By the time you’re receiving a request for a web development proposal, you’re most likely already acquainted with the workings of the development process. With all the tools in place, the design and development process is usually pretty straightforward.
However, where the element of submitting a proposal slithers in, things might just get a little uncomfortable. If it’s the first time you’re receiving a request for a proposal, you may not even know which way to go. That’s understandable, not many programmers like the paperwork that precedes the real coding work. Most developers prefer spending most of their time doing what they do best, which is building websites.
But here is the thing. As a freelancer, skipping this essential part of the process might not be an option if you’re to win the contract. You may not even have the cash to hire someone to do it for you. It could also be impractical hiring someone at a fee that would significantly impact on your bottom-line. Forget about all that. You can do this on your own.
By following the tips below, you’ll be able to come up with a convincing, realistic, and impressive proposal that will most likely get you hired.
One of the building blocks for a stunning web development proposal is the executive summary. It’s here that you break the ice. You have to project yourself as an insider of your potential client’s industry, demonstrating a good understanding of his problems. Each and every problem you talk about must be aligned to an amicable solution. Mention how the website would adhere to industry best practices and consequently lead to higher conversion. Clearly, this wouldn’t be possible if you don’t do your research well. Where you’re already in possession of a web development brief from the client, more than three-quarters of the information you need should be contained therein.
Even as you present yourself as the right freelancer for the job, be careful not to appear as a jack of all trades. Already aware of the problem to be solved, use the web development proposal to convince the client that you have the required skills, resources and tools to get the job done and done right for that matter. Anything outside that can be addressed after the current development project is completed. Be sure to methodically address each and every problem that the client is facing by not having a website. Present solutions that are valid and practical. By so doing, you win their trust and give them the impression that losing you would be disastrous to their business.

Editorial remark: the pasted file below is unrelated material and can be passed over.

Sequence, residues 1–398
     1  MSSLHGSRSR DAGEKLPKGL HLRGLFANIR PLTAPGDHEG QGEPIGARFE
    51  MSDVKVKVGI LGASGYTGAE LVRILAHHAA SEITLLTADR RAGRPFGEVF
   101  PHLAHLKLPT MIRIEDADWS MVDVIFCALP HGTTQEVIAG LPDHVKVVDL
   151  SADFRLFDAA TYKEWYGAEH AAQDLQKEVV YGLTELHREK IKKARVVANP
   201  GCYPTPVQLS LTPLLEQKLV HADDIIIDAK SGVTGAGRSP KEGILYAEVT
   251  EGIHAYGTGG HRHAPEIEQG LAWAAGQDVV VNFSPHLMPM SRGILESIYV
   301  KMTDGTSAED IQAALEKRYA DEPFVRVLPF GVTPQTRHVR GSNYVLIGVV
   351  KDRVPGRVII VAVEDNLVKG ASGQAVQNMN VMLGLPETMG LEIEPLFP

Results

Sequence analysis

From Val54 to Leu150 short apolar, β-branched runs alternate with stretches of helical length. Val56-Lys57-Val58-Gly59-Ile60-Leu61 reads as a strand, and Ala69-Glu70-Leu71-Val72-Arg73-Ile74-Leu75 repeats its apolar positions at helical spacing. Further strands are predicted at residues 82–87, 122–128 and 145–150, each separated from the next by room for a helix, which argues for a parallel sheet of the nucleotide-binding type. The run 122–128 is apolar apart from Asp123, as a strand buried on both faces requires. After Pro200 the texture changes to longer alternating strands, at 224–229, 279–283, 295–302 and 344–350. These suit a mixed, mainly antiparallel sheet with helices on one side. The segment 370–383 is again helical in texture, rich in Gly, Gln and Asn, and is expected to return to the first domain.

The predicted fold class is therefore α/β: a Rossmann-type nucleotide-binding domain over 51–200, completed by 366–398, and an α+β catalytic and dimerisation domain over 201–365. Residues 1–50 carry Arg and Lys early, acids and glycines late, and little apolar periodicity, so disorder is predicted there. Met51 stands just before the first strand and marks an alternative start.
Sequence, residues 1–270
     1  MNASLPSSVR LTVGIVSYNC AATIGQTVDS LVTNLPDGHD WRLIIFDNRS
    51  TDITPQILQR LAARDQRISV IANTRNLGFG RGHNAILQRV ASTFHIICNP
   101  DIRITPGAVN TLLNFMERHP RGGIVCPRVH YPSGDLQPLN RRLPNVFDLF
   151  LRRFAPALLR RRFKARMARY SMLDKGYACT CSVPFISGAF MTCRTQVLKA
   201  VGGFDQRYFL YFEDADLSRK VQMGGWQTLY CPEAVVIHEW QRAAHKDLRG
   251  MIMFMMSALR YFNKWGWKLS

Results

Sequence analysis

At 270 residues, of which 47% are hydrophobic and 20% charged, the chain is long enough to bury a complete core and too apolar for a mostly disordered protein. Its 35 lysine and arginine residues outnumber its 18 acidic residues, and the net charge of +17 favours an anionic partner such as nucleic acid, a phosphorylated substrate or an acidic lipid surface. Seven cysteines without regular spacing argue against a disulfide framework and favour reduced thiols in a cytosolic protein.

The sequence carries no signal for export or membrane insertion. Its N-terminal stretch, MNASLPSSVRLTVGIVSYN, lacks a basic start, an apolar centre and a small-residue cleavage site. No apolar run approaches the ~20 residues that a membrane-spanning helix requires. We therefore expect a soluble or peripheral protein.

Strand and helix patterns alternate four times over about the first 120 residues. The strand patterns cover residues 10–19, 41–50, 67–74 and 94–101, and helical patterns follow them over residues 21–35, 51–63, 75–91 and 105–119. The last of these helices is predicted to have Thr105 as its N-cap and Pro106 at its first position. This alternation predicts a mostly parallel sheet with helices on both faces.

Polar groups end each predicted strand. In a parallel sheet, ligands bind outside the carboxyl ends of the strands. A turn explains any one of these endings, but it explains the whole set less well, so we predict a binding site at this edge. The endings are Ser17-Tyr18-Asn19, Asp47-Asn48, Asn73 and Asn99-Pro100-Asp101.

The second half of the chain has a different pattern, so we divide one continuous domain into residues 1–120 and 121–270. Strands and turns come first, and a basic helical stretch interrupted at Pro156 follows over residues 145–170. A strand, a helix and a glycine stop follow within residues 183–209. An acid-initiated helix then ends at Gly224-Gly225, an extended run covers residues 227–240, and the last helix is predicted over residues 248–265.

This is most probably not your first web development project, meaning you have links to some projects you’ve done before. Your client may not know much about websites, but he sure knows what a good website looks like. So, as you share links, pick the best of them. Please, please, don’t add irrelevant projects to your portfolio. Doing so might bring some confusion or even give the impression that you aren’t qualified for the job. Remember the whole idea is to show the client how well you can create a website for their industry, their company in particular. Should you have some pertinent references, don’t hesitate to include them in your web development proposal.
One of the biggest fails freelancers run into is giving obviously unreasonable quotation for projects. Some freelancers believe that the lower their quote, the higher their chances of winning the contract. Far from it. When you’re dealing with a client, know it’s a human being on the other side. Most clients will develop cold feet as soon as they see a price that’s too low. Either they’d be convinced that you’re not qualified or you’re out to scam them. Too high prices when making a proposal in a pool of fellow freelancers and established companies also means you’re likely to miss the contract. Do a little research about the financial muscle of the client. Conduct a little research on how other clients charge for such jobs. Settle on a figure that’s not too low, not too high, and still reasonable for the work at hand.
When you submit your web development proposal, one mistake you should never make is leaving the client hanging at the end of it. Provide a well-articulated next course of action. In case you win the contract, what are some of the first steps you’d expect? What would be the procedure of signing a work agreement? What would you need to get started? Ensure all these are indicated in the proposal so that your client doesn’t have to ask you questions that should have been addressed in your web development proposal.